– you’re working so close to the subject that you’re outside the range of which your strobe (sans diffuser cup) can give you proper TTL range. Then the diffuser cup will help in pulling your strobe’s output within a range that it can still give you properly metered TTL exposures.

Outdoors, “bouncing” at 45` with a diffuser cup, makes very little sense, except for this :
– using the flash in a bounce position gives you an additional 2″ height from your lens’ axis.
Maybe this helps you? Dunno.
– you specifically need that light fall-off from your foreground and up.

I honestly can’t think of any other reason to use the diffuser cup outside, especially in a bounce position. Using your flash outdoors in a 45` bounce position just needlessly eats battery power.
If you do so without having given it clear thought as to why, then you’re an idiot for trying to bounce flash off the clouds. There is nothing to bounce the flash off, and you’re just wasting your batteries, and shortening the lifespan of your speedlight by unnecessarily dumping a lot of charge every time.

Re: the 45′ bounce position with the Stofen diffuser – here is what Stofen says on their website:

Q: Why must I tilt the flash head to 45 degrees?
A: In Non TTL models this is necessary to avoid under exposure caused by light from the Omni hitting the external auto sensor of the flash. In TTL models it gives a better feathering wrap around of the light in the range from close to about 15 feet from the subject. Beyond that point with TTL we find straight on works OK for you.

Where I do use the flash in a near -upright bounce position with (and sometimes without) the diffuser cup, when there is no ceiling to bounce from … is when I am shooting indoors with the 70-200 and I want to reduce the risk of red-eye. That extra 2 or 3 inches might just help somewhat there in reducing chances of red-eye, by getting my flash even further away from my lens axis.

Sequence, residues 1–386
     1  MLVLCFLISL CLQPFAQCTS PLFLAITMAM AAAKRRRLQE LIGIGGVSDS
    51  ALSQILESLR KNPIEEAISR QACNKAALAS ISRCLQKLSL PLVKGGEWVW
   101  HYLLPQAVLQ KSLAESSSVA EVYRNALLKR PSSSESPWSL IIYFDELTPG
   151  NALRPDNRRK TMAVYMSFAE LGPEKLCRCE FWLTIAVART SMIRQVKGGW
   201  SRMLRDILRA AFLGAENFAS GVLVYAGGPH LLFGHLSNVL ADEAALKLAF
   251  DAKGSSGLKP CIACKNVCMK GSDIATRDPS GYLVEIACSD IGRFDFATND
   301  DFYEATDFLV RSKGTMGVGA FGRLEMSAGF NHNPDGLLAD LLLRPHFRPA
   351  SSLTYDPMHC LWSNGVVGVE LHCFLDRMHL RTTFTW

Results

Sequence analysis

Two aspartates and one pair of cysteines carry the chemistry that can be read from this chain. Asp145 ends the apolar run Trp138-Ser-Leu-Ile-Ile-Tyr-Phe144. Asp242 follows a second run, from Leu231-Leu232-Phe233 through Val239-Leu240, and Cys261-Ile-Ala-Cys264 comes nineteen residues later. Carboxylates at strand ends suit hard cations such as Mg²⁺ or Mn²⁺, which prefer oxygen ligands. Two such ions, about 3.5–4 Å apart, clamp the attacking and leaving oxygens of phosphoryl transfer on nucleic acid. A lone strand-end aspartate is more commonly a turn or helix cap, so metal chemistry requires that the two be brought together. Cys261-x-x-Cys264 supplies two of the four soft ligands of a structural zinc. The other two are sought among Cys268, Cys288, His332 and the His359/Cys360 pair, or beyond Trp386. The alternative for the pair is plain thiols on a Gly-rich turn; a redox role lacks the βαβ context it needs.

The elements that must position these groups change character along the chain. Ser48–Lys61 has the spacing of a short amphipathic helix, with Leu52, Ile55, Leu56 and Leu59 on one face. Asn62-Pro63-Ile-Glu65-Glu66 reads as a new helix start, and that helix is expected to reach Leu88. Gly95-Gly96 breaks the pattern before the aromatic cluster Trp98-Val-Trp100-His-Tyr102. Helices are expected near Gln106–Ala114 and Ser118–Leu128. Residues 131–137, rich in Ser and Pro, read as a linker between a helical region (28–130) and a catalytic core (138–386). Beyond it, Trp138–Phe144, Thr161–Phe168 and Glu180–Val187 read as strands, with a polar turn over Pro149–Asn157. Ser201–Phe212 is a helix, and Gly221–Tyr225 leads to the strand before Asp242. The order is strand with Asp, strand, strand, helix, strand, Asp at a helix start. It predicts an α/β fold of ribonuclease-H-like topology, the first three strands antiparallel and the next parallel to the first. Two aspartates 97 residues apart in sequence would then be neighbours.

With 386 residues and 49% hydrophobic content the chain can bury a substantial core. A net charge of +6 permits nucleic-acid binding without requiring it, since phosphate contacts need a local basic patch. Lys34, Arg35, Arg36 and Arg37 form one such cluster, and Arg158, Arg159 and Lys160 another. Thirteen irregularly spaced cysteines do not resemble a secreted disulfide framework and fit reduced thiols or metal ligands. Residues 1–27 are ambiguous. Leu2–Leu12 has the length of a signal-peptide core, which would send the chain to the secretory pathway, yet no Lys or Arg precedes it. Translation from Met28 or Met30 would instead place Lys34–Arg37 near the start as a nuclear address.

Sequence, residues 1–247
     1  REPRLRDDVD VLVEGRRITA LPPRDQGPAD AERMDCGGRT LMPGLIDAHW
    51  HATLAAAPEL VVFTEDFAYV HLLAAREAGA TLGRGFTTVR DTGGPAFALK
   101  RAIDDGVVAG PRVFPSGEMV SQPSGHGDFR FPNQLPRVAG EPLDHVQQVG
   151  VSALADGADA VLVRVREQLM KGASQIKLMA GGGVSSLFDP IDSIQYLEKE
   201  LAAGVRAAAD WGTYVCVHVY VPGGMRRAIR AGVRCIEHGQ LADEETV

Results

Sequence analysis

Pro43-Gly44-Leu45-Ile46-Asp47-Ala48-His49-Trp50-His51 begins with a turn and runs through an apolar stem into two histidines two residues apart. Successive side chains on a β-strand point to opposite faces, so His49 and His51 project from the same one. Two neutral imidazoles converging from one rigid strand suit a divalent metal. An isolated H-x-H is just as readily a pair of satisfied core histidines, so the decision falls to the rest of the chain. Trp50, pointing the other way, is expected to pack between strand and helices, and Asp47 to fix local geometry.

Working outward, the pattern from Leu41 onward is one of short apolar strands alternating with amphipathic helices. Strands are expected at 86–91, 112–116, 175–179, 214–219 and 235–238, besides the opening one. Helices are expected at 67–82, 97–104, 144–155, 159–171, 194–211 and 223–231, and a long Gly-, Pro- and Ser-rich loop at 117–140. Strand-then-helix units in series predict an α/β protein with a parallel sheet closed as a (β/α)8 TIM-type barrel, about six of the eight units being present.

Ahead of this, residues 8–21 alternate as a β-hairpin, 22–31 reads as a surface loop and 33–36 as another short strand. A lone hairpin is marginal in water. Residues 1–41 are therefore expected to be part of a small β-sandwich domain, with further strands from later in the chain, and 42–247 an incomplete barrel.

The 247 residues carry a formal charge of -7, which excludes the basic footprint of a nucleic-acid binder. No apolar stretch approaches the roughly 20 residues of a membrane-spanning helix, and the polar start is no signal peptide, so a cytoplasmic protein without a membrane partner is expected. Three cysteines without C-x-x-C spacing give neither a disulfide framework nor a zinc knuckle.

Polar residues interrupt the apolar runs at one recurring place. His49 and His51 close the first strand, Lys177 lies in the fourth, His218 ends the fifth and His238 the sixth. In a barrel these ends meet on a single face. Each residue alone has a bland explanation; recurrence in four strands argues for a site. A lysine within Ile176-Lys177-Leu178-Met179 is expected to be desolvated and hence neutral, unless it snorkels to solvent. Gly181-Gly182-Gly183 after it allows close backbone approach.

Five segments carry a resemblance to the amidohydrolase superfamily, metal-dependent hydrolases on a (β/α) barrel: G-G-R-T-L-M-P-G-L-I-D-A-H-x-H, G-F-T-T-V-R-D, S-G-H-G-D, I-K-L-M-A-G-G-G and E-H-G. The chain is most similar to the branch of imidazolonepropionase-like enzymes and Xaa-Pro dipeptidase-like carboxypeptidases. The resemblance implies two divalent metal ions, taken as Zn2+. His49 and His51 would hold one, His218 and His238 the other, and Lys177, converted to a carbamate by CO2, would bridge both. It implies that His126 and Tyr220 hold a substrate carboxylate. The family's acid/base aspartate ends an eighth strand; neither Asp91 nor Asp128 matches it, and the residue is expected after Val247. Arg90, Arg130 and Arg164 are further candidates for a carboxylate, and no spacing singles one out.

I also specifically use a diffusion cup indoors, when I am working close to a subject, and can’t move back – and don’t want my light to be top-heavy like it would’ve been if I had bounced without a diffuser.


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{ 4 comments. } Add a Comment

1 Jason Malwitz October 1, 2007 at 12:19 am

First let me just say, I have already learned a lot from this site. Just a few questions regarding diffusers indoors. Do you recommend a certain kind of diffuser to go on the nikon sb-800 rather than the one that comes with it? Do you almost always use some type of diffuser when indoors? Do you take alot of pictures at weddings without a diffuser on at all? Thank you so much for your time as I am really trying to get a grasp on indoor flash.


2 Neil November 7, 2007 at 10:37 pm

Jason … I mostly shoot without a diffuser.

This post will go a long way to explaining why.


3 Quest Couch December 6, 2007 at 11:58 am

Hey Neil,

I happened across your great piece on flash modification. Good Job! It’s amazing how much misconception there is about this topic and how few folks understand it and explain it as well as you.

We make every effort to educate on our website…
If you have a moment, take a look and let us know what you think.

And again…Good Job!



4 Eric August 17, 2010 at 1:57 am

Thanks for your sharing your experience to us. I have a question:
1. We can suppose a scene that in a big hall, we have no side wall to bounce, and the ceiling is very high, how to setup the on-camera speedlight.
2. How to setup the on-camera speedlight with TTL for outdoor activity.